Real GDP trends are prominently included in discussions of potential slowdowns and economic booms. They are featured in many discussions of trends in stock prices. Economic commentators use decreases in real GDP as indicators of recessions. The most popular (although inaccurate) definition of a recession is at least two consecutive quarters of declining real GDP.
The price index for GDP increased at a rate of 3.0 percent during the third quarter of 2005, compared to an increase of 2.6 percent during the second quarter of 2005. It increased at an annual rate of 2.6 percent for all of 2004.
Much of this increase is due to increases in prices of energy.
Please do the following multiple choice activity:
GDP, Productivity, and Unemployment
A major factor in the long-term growth in the American economy is continued improvement in productivity. (See the most recent Productivity case study). Productivity increased at an annual rate of 4.7 percent in the third quarter of 2005. Businesses are able to gain more output from the same number of workers. This is actually faster than the growth in real GDP, but is from a slightly different sample. But if real GDP increases 4.3 percent and productivity rises 4.7 percent, the number of hours worked (and perhaps employment) declined.
The Federal Reserve has stated in recent releases that continued productivity growth is a key component in the continued growth in the American economy. Businesses are able to expand production more rapidly than the growth in employment and thus real GDP per capita can increase.
Please answer the following multiple choice question:
A Hint about News Reports
Many news reports simply use "gross domestic product" as a term to describe this announcement. The actual announcement focuses on the real gross domestic product, and that is the meaningful part of the report. In addition, newspapers will often refer to the rate of growth during the most recent quarter and will not always refer to the fact that it is reported at annual rates of change. This is contrasted to the reports of the consumer price index, which are reported at actual percentage changes in the index for a single month, and not at annual rates.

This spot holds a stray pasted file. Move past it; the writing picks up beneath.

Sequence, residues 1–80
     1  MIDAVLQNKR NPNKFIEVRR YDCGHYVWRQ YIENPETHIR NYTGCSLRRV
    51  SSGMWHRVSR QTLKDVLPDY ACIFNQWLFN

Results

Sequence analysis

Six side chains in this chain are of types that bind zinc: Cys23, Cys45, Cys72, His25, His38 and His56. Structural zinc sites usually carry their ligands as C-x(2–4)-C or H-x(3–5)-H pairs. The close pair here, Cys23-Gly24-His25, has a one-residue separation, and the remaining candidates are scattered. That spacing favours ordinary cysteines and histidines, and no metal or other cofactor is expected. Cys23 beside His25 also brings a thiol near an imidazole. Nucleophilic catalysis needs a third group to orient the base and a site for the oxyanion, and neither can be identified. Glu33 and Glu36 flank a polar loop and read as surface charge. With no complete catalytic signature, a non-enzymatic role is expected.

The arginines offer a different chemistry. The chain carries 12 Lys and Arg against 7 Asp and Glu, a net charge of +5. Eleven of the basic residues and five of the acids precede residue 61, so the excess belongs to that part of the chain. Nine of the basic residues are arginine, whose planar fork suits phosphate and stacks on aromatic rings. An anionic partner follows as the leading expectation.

Explanations of GDP and its Components
Gross domestic product consists of goods and services produced for consumption, for investment, for government, and for export. The GDP accounts are broken down into consumption spending, investment spending, government spending, and spending on U.S. exports. To arrive at the amount actually produced (that is, GDP) our spending on imports is subtracted from those other amounts of spending. Thus,
GDP = Consumption spending + investment spending + government spending + export spending – import spending
There is a slide that shows this equation.
Consumption spending consists of consumer spending on goods and services. It is often divided into spending on durable goods, non-durable goods, and services. These purchases currently account for 70 percent of GDP.
- Durable goods are items such as cars, furniture, and appliances, which are used for several years.
- Non-durable goods are items such as food, clothing, and disposable products, which are used for only a short time period.
- Services include rent paid on apartments (or estimated values for owner-occupied housing), airplane tickets, legal and medical advice or treatment, electricity and other utilities. Services are the fastest growing part of consumption spending.
Investment spending consists of non-residential fixed investment, residential investment, and inventory changes. Investment spending accounts for 16 percent of GDP, but varies significantly from year to year.